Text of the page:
I love gifting my knitting. There’s nothing better than using up that ball of wool that you bought with nothing in mind. Using it for a project and giving it away. It gives me all the joy of crafting and none of (well, a reduction in) the clutter.
Tablet cases are such a good way of using up an interesting ball of wool on something practical and pretty. They are so easy to customise and make your own.
Take these 2 – I’ll let you guess which is mine and which is my husband’s…
Both of these were made with a wool that I had bought with no purpose until I got bored one day and decided to make these.
Making your own is so easy.
- Measure your tablets height and width.
- Knit a swatch of your wool to work out number of stitches and rows needed.
- A few calculations and then off you go…
For this side opening case:
- Use your test swatch measurements to cast on the number of stitches needed to match the height of your tablet.
- Calculate the number of rows that would equal double the width of your tablet.
- Work out the desired number of stitches for the width of your button band.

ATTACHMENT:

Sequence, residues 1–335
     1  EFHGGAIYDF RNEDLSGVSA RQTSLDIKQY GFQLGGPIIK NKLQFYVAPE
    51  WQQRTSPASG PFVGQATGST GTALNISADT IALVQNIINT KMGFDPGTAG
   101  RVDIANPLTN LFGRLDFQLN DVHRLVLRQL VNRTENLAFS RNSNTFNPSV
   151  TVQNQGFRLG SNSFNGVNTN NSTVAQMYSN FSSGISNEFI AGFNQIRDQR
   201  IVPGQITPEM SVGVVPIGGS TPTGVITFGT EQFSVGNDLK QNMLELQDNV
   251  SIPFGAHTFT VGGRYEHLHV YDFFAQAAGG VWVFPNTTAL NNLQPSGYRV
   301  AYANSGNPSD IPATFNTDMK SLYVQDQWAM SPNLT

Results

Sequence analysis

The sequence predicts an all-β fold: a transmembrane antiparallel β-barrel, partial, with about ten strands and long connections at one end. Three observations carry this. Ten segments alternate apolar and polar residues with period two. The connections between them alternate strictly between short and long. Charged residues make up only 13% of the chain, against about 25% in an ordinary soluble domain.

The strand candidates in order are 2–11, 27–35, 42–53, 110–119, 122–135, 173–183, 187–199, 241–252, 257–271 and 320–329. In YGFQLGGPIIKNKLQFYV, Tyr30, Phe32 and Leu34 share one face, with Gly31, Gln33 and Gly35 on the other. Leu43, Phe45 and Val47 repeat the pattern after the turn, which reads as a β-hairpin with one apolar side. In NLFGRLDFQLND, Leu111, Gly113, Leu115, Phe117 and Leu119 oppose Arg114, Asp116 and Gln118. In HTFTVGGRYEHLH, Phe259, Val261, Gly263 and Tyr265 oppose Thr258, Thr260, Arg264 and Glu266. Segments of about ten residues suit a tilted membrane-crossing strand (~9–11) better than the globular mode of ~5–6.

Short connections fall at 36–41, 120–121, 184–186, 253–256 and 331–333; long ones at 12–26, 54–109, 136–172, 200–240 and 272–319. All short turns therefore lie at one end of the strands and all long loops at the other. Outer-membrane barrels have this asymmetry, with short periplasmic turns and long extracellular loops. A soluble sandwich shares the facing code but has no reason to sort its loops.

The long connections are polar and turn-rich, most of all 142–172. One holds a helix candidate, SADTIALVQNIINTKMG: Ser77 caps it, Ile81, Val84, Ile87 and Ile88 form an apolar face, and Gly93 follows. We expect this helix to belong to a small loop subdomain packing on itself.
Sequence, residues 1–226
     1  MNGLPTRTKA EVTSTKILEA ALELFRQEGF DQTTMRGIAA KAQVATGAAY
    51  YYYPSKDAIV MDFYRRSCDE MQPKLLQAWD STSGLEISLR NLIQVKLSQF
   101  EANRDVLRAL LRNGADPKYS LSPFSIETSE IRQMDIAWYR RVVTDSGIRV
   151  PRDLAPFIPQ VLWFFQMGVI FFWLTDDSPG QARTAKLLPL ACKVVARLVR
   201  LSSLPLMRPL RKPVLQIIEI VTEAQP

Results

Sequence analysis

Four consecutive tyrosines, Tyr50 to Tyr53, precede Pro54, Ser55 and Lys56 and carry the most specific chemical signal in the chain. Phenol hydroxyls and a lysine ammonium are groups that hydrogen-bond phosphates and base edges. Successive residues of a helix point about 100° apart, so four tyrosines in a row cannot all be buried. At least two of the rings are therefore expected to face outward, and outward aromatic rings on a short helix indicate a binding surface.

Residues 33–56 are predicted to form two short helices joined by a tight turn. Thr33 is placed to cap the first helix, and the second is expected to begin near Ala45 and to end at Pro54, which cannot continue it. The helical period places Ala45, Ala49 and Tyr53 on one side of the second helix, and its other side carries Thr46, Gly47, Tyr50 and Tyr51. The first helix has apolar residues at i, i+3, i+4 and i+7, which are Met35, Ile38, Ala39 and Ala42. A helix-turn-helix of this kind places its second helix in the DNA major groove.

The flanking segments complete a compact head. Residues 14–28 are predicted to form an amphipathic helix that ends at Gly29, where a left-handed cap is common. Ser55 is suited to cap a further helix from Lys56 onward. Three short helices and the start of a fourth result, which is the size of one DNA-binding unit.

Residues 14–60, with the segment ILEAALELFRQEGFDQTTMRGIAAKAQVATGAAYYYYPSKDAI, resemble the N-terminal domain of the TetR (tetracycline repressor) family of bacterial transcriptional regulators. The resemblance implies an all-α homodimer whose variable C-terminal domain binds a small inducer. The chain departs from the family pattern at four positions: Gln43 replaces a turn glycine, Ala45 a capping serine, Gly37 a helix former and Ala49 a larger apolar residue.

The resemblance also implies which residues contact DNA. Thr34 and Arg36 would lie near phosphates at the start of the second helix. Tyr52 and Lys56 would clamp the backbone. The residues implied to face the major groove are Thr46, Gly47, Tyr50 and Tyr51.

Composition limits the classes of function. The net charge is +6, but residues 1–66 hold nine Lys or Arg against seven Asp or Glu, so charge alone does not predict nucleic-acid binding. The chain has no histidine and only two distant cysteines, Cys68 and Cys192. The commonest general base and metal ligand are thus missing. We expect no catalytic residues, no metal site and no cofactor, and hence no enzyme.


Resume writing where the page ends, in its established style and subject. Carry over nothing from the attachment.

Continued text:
- (Subtract this from the total number of stitches and divide by 2 – keep this number for later)
- Cast on required stitches and complete 4 rows of garter stitch.
- Stocking stitch until you have desired number of rows minus 4 and then finish with 4 rows of garter stitch.
- Now cast off the number of stitches from your calculation and work to end.
- Cast off the same number of stitches again and you will be left with the stitches for a button band.
- I worked in garter stitch with a (K2tog YO) for the buttonhole.
- Fold over and sew up the edges.
You can customise this in a number of ways:
- Work width x2 and then extra to have a fold over flap.
- Have 2 button bands
- Garter stitch throughout (but bare in mind that this will give your case extra stretch.)
For this top opening case
- Cast on the number of stitches that would match the width of your case.
- Calculate the number of rows that would equal double the height of your tablet.
- I used a basket weave stitch for this as I thought it suited the wool and so I made sure that I rounded up (or down) to the closest number that was divisible by 6 +4 over.
Basket weave stitch:
- Rows 1+3: P4 (K2 P4) repeat to end
- Rows 2+4 K4 (P2 K4) repeat to end
- Rows 5+7 K4 (P2 K4) repeat to end
- Rows 6+8 P4 (K2 P4) repeat to end
The button band for this was done by adding a crochet chain into my cast off. I’ve used some scrap wool and just a few stitches to demonstrate this below. It is a really simple method that I have used for lots of projects.
Finish it all off with a complementary button – I like these toggles.
With a bit of imagination, an interesting stitch you want to try and a friend with a “naked” tablet, you have the perfect weekend project.